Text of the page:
Outlook 2010 Social Connector

I’m putting this in the journal just in case a year from now this works out. I could totally see us doing this with some services at my department:

I’m happy to announce that a new member has joined the Outlook platform family. The new arrival has a long and formal name known as Microsoft Outlook Social Connector Provider Extensibility, but the name shouldn’t stop you from getting acquainted with this exciting new extensibility feature for Outlook 2010!

Here’s what I wrote in an email to my colleagues:

Basically, we could expose – with permission of course – profile information e.g. photo, @exchange email address, etc. to Outlook/Exchange users. This may have already been shot down by the powers that be, but I thought I’d mention it in the spirit of social networking and the future redesign of our intranet.

I installed Outlook Social Connector and connected it to my Facebook account, but I don’t see my photo yet.

Clearwater High School 20 Year Class Reunion

Diana, Cathy, Joey, Sandra, me, Andy

What was on my mind 20 years ago? I thought about 2010, the movie, and space travel, getting through college, and getting a good job. Now that it is 2010, we don’t live in space or even travel in flying-cars (they’re working on it), but I graduated college, and got a good job. The year 2010 means it’s time for our 20 year class reunion. It’s time to reflect on what we’ve done and how we got here.

The world has changed quite a bit in the past 20 years. Perhaps the biggest change is the Internet and how we interact with it. The Internet came into it’s own around 1994. We had a 5-year-old Internet when we celebrated our 10 year reunion, but we didn’t have much more than email to communicate to each other. Flash forward 5 or 6 more years and we saw the birth of social media; communicating in near real time over the Internet.

Now we use social media to connect to classmates. We have a Facebook group. It’s not perfect – not everyone in our class uses Facebook, let alone Twitter – but it’s quicker than email. People are people and finding them will always be a challenge – just ask the census bureau.

Siems Obituaries

I don’t mean to be morbid, but I wanted to keep these online as part of my memories. Werner and Dianne were my dad and mom. Ruth was Werner’s sister, my aunt.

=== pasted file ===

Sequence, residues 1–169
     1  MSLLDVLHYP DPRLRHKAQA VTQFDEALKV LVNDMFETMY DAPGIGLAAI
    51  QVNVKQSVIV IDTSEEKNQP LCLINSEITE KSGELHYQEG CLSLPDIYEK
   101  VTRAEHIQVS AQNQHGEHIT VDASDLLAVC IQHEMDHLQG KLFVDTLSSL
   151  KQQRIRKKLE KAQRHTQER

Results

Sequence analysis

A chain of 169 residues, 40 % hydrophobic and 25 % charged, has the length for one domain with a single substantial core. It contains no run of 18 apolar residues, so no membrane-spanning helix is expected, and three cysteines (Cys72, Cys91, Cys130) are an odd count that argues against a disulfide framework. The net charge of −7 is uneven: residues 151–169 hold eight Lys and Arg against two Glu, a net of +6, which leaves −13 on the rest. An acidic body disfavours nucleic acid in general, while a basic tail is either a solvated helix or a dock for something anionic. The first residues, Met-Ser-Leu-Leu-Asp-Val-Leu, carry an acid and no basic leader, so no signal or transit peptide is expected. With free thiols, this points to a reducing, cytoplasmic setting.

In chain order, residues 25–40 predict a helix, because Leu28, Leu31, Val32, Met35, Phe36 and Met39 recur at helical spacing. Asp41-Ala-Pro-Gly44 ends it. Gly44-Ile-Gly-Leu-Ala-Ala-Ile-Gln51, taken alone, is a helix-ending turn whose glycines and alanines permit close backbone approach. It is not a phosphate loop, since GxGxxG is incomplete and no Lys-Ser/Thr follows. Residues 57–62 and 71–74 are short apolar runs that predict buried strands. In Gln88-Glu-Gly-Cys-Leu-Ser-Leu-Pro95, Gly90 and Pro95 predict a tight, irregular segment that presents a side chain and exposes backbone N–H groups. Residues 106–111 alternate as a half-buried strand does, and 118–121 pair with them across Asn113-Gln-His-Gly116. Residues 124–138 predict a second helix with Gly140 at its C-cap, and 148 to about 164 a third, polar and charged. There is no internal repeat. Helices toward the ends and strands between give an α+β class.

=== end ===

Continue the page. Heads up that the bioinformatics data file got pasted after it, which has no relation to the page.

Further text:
WERNER ARTHUR SIEMS, 76, of Clearwater, Florida, died Wednesday, July 21, 2004, at Mease Countryside Hospital, Safety Harbor, Florida. He was born in Evansville, Ind., and came here in 1994 from Virginia. He was a director of public relations for the Coast Guard in Washington, D.C. He was a member of St. Paul’s Lutheran Church, Clearwater. Survivors include a son, Christopher, Bryan, Texas; a brother, David, Ann Arbor, Mich.; and three sisters, Ruth Siems, Evansville, Suzanne Porter, Copley, Ohio, and Rosemary Snyder, Hinsdale, Ill. National Cremation Society, Largo.

UPDATE: Werner received a Master of Arts (MA) in Slavic Languages & Literatures from Indiana University in 1953.

DIANNE SEABOLT SIEMS, 62, of Bryan, Texas, passed away Thursday, April 19, 2007, at St. Joseph Regional Health Center in Bryan, Texas. She was born in Clearwater, Florida, and was a resident of Bryan for the past year. Visitation will be from 5 to 8 p.m. Monday at Memorial Funeral Chapel in Bryan. Graveside services will be Wednesday at Sylvan Abbey Memorial Park in Clearwater, Florida. She was survived by her son, Christopher Siems of Bryan; and brother, John Seabolt and wife, Helen, of Tallahassee, Florida. b. May 8, 1944. d. April 19, 2007.

Ruth Miriam Siems was born in Evansville, Ind., on Feb. 20, 1931. She earned an undergraduate degree in home economics from Purdue University in 1953, and after graduation took a job at the General Foods plant in Evansville, where she worked on flours and cake mixes. She moved to the company’s technical center in Tarrytown, N.Y., not long afterward. Ms. Siems retired in 1985.

Ruth M. Siems, a retired home economist whose best-known innovation will make its appearance, welcome or otherwise, in millions of homes tomorrow, died on Nov. 13, 2005, at her home in Newburgh, Ind. Ms. Siems, an inventor of Stove Top stuffing, was 74.

Besides Ms. Porter, of Copley, Ohio, Ms. Siems is survived by another sister, Rosemary Snyder, of Chicago; and a brother, David, of Milford, Mich.